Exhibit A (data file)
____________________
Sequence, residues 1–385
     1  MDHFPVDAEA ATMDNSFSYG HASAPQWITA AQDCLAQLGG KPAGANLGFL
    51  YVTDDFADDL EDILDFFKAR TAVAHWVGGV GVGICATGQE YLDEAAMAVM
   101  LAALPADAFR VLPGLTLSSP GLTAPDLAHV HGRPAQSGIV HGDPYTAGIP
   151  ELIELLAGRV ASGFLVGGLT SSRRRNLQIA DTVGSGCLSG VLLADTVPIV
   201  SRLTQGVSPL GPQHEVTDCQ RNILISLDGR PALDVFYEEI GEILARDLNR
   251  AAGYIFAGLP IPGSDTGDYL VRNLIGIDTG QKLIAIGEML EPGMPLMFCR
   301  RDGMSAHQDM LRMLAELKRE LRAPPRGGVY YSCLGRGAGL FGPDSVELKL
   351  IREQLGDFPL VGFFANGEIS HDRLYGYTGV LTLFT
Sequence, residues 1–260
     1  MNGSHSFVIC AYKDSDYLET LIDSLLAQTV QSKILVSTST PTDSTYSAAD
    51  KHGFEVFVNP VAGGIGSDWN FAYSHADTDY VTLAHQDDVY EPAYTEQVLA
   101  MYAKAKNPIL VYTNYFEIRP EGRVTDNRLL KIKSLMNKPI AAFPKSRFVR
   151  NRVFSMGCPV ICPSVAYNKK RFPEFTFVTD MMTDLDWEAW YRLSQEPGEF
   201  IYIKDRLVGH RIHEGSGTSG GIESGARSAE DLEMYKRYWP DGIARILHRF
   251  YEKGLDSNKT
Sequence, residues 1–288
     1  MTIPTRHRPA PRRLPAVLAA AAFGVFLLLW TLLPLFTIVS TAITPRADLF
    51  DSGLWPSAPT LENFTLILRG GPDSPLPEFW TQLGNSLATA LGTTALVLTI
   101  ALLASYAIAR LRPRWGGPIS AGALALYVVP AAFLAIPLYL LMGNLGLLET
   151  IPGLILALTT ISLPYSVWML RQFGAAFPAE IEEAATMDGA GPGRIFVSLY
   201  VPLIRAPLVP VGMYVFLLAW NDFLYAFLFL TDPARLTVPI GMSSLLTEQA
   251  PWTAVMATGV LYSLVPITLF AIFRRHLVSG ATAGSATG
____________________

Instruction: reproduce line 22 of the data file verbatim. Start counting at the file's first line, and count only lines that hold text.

   201  VPLIRAPLVP VGMYVFLLAW NDFLYAFLFL TDPARLTVPI GMSSLLTEQA